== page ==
TRENTON – Gov. Phil Murphy turned his state budget sales pitch Tuesday to a part of the spending proposal that seems to have hit some friction in the Legislature – expanding tuition-free college to also cover two years at a four-year institution.

Two tuition- and fee-free years at county colleges are already available, under a Community College Opportunity Grant program begun in 2018 that was recently made permanent. It applies to students in families with adjusted gross incomes of $65,000 or less, as would the proposed Garden State Guarantee at four-year public colleges.

Combined, the two programs would allow for qualifying students to earn a tuition-free bachelor’s degree by starting at a community college. But the expansion isn’t the next step Murphy had promised as a gubernatorial candidate in 2017.

Back then, Murphy proposed tuition-free community college for all, regardless of income level. It was begun at the $65,000 income threshold, which qualifies around one-third of families – and now rather than expand to cover families at moderate and higher incomes, would extend to four years of benefits for the neediest ones.

“The hope is that over time, when we rebuild our economy, when we recover from the pandemic, a lot of the initiatives that we have in place start to bear fruit, that we have more financial freedom, and we’re allowed to bring more students and more families in under that umbrella,” Murphy said in an online roundtable discussion.

“That would be my hope,” he said. “No guarantees in terms of what that looks like on the Garden State Guarantee. But that’s sort of a – that model is exactly the one that I’d like to see us pursue here.”

Murphy indicated the proposed program would have benefits for students from families with incomes above $65,000.

“The Garden State Guarantee would come with a sliding scale benefit for those students from families with income higher than $65,000, to also help them afford their degrees,” he said.

At a budget hearing last week, Higher Education Secretary Brian Bridges said the details on the sliding scales would be established by participating colleges and could phase out at $100,000 of income.

Four colleges operate similar initiatives already: Rutgers-Camden, Rutgers-Newark, William Paterson University and New Jersey City University. Three more have programs starting this fall: Stockton, Rowan and Kean universities. The Garden State Guarantee would become available starting in fall 2022.

“It has significantly changed the mindset about college access and affordability for so many intelligent students right here in our own backyard,” said Nancy Cantor, chancellor of Rutgers–Newark.

“We must nurture talent, ability, aspiration as broadly as possible,” said Susan Cole, president of Montclair State University.

Auzhane Easterling, a senior at Montclair State, said she is part of the Educational Opportunity Fund program and that state support is vital.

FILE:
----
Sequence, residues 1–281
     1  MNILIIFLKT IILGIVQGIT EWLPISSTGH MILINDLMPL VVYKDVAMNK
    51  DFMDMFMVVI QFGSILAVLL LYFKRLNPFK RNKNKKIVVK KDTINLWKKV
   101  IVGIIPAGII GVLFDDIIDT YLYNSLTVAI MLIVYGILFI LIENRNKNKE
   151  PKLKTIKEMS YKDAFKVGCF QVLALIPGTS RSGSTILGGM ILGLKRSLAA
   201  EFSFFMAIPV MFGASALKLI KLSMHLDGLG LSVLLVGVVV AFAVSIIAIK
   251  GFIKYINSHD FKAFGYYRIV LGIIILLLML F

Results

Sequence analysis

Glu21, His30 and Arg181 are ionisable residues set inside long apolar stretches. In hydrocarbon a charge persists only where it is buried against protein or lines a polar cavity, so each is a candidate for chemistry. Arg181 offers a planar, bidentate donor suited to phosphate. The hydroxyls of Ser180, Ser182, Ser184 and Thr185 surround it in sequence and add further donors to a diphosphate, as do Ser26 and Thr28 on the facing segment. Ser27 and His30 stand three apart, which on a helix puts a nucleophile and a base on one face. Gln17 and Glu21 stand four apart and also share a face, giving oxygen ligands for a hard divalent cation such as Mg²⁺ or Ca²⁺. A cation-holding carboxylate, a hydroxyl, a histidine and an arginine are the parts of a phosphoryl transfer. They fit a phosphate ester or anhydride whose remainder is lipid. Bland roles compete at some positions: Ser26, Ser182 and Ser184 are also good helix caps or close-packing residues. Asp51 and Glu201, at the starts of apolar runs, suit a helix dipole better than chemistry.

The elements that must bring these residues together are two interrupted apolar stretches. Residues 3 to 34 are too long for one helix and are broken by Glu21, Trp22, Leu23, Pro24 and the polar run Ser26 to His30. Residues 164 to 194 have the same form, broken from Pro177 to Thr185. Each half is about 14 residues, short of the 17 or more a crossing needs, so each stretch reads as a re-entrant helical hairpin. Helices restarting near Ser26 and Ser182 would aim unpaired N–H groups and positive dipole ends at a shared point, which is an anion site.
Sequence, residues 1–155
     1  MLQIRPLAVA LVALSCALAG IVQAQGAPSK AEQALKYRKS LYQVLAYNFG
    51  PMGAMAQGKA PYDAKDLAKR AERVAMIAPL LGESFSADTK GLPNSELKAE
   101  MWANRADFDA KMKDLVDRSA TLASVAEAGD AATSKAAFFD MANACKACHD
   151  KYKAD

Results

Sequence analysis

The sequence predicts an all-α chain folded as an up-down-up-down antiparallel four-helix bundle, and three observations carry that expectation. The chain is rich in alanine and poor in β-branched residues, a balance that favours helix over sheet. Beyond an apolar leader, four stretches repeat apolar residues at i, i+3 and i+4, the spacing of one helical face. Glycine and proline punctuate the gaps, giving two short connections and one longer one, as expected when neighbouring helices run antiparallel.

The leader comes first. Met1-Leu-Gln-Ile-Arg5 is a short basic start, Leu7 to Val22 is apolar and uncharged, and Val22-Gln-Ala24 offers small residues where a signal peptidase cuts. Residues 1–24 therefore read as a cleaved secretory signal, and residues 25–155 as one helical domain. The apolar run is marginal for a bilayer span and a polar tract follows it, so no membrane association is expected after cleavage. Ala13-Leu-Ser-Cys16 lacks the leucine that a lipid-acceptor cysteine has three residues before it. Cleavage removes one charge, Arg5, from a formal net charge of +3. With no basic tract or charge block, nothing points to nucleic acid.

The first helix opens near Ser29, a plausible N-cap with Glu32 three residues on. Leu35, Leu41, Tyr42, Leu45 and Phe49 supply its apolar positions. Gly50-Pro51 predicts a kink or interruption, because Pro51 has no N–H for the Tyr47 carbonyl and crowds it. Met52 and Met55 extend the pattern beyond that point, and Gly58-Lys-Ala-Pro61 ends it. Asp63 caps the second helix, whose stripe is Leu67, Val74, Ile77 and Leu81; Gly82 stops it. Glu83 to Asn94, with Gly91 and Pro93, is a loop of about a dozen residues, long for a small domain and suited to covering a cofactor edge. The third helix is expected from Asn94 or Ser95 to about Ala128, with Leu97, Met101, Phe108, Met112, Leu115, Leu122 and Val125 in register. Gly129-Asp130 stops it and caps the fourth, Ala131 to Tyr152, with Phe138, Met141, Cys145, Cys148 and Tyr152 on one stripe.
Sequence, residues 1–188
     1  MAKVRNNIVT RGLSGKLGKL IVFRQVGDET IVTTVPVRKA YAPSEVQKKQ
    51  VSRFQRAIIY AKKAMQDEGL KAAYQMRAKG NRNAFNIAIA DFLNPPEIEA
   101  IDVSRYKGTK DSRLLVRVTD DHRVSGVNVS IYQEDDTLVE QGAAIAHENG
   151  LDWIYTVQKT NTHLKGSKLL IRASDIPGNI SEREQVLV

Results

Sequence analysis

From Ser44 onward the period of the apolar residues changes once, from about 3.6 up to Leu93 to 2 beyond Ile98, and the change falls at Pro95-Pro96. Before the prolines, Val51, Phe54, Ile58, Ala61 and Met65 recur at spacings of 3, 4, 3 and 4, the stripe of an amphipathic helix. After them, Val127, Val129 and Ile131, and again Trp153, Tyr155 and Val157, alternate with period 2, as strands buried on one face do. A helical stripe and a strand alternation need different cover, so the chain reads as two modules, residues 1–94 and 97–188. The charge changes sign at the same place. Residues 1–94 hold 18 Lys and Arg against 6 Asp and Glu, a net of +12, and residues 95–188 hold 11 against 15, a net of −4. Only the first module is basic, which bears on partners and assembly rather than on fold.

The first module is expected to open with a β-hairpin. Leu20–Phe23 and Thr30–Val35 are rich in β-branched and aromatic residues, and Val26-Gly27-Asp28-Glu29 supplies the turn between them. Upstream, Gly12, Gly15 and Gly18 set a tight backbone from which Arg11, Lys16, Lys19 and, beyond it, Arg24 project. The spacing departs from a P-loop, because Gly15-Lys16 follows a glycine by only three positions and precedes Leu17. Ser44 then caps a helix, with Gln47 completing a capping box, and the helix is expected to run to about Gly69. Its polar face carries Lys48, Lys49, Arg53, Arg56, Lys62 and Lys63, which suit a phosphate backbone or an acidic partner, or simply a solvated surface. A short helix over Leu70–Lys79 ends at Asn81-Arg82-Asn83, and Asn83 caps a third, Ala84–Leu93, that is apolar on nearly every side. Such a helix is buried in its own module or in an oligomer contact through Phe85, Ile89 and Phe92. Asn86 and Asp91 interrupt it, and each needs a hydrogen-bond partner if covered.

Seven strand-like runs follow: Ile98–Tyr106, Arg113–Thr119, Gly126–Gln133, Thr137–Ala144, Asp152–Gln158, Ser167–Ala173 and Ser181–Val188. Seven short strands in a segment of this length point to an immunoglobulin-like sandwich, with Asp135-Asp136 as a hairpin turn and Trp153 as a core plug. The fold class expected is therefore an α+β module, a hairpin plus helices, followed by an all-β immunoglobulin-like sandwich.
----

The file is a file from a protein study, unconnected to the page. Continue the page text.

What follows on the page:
“It just made me feel like I had somebody there,” Easterling said. “Like I mentioned before, I am a first-generation student, so for me it’s very crucial to have the financial support and the mentorship.”

Favour Izuchukwu, a junior at Rutgers-Newark, said she will be able to earn a degree in social work and accumulate no student loan debt.

“I am set up for a good life after graduation. This is not a statement that every American student can make, so it’s not a privilege that I take lightly. And it’s a huge weight off of my shoulders,” Izuchukwu said.

“This is something that I want for every student in America, and if we can start from New Jersey I feel like this would be the blueprint for the rest of the United States of America,” she said.

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The proposed budget includes $50 million to start the program, including $5 million toward planning grants for colleges. At a Senate budget committee hearing last week, lawmakers in both parties were skeptical that the state could afford the program in the long run.

Sen. Sandra Cunningham, D-Hudson, who chairs the Senate Higher Education Committee, said “it was interesting listening to the legislators there,” though described it as people “excited and wondering about it.”

“I do think that there are some things that we do need take a little look at, a little closer, and make sure that we’re on the same page,” Cunningham said. “But it is certainly a start towards providing, including and inviting more people into the four-year college arena.”

“I think this is a good start and a good way to go,” she said. “We have other issues, but I’m sure we can work them through.”

Michael Symons is State House bureau chief for New Jersey 101.5. Contact him at michael.symons@townsquaremedia.com.

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